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© 2024 N. Dean Meyer and Associates Inc.
Excerpt from www.NDMA.COM, © 2024 N. Dean Meyer and Associates Inc.

Analysis: New Versus Old

the dark side of splitting development and maintenance

by N. Dean Meyer

[excerpt from the book, Principle-based Organizational Structure]

An apparel manufacturer embarked on a major initiative to pioneer "mass customization" -- quickly producing clothing that's customized to buyers' requirements on a mass-production assembly line.

Of course, this business strategy was very dependent on IT. It generated a number of highly-visible projects, revamping core IT applications to accommodate the need for rapid integration of orders into production plans. These huge projects required a mix of skills from throughout the IT organization.

The CIO worried that if he assigned these very strategic projects to the existing applications managers, they'd get lost in the pressures of day-to-day support and maintenance tasks.

He also worried about the converse -- some managers might focus on these "hot" projects and neglect less glamorous maintenance work which was essential to keep the current business running.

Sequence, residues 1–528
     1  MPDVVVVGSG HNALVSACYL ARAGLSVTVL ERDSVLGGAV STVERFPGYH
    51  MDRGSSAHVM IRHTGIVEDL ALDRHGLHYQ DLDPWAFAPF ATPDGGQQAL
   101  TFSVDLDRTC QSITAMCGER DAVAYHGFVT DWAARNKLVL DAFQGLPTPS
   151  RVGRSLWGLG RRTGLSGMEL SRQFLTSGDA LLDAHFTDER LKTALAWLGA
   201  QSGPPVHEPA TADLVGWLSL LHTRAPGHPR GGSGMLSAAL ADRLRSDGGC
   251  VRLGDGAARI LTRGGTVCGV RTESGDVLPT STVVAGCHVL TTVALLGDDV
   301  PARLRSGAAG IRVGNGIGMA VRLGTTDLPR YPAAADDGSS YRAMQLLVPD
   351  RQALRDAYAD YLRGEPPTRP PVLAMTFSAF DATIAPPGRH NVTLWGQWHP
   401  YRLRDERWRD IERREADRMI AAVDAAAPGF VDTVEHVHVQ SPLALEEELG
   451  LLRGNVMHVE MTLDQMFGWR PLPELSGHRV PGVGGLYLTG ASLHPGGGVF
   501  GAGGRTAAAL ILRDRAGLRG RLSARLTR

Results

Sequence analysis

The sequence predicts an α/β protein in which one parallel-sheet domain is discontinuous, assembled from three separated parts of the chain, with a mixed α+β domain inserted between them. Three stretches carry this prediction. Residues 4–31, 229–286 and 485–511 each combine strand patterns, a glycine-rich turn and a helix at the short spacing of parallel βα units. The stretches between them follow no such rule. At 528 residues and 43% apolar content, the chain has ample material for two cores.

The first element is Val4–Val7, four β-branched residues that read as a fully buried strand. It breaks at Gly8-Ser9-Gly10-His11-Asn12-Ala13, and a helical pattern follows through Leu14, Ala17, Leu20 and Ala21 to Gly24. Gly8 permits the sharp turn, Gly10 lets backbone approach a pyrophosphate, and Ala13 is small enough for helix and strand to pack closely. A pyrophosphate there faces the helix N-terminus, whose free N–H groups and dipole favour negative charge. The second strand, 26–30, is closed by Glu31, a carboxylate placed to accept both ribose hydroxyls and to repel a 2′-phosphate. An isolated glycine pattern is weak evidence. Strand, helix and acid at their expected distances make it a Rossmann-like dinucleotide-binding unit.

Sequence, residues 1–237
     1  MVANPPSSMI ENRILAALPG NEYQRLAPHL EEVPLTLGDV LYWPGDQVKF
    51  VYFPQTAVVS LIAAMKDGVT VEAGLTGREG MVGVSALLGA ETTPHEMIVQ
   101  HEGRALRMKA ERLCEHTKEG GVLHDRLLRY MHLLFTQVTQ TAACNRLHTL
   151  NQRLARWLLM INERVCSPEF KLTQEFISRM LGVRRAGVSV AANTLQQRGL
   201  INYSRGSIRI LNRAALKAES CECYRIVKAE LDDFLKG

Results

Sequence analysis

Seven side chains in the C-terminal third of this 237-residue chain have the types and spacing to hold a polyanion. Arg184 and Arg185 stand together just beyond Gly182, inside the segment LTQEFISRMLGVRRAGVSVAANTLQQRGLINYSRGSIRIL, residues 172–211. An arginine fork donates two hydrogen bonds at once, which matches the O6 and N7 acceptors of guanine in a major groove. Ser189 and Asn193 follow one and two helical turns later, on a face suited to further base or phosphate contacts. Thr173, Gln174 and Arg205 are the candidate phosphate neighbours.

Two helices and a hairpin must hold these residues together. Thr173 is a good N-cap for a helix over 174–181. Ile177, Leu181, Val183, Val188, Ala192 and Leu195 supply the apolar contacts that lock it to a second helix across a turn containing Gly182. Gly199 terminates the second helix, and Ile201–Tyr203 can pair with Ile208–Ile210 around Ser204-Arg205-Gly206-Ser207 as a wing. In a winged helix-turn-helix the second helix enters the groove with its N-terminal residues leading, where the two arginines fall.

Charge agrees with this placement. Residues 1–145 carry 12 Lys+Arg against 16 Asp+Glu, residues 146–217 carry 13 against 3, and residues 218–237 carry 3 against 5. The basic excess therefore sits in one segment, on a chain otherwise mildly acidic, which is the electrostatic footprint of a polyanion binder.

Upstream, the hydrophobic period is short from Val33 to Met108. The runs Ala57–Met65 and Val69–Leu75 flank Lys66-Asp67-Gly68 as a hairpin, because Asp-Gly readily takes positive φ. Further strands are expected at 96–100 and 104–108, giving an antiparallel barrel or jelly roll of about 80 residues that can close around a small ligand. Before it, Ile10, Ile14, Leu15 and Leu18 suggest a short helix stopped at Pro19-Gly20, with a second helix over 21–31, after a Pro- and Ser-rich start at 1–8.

Therefore, he separated his development staff into two groups. He assigned a young, up-and-coming manager, John, to the new "strategic systems" group, and transferred staff with the needed skills from Jean's existing applications development group.

Under the CIO were two Applications Engineering groups:

  • John, strategic systems development
  • Jean, legacy systems maintenance

Essentially, applications engineers were substructured by new-versus-old instead of their professional specialties. This led to numerous problems....

Dual Learning Curves

When new applications went into production, John's group (who designed the new systems) had to train Jean's group (who maintained them), requiring a dual learning curve.

They tried to rotate staff from one group to the other, but the numbers never worked out right; rotations were never sufficient to preclude the need for this redundant training.

This structure added costs and slowed things down.

Reduced Specialization

Dividing Engineers by new/old, not by type of application, reduced their degree of specialization. The same Engineering specialties were present in both groups. The organization needed two of every type of expert.

For example, in manufacturing systems, instead of having one group focus on scheduling and another on inventory systems, this structure had one developer and one maintainer, each of which had to know both scheduling and inventory systems.

Reduced specialization resulted in higher costs, lower quality, and a slower pace of technical innovation.

Reduced Quality

John's developers didn't have a strong incentive to "do it right the first time," since most of them didn't have to live with the consequences of their sloppy work. They could get the glory by getting projects out quickly, and leave it to Jean's group to fix their errors.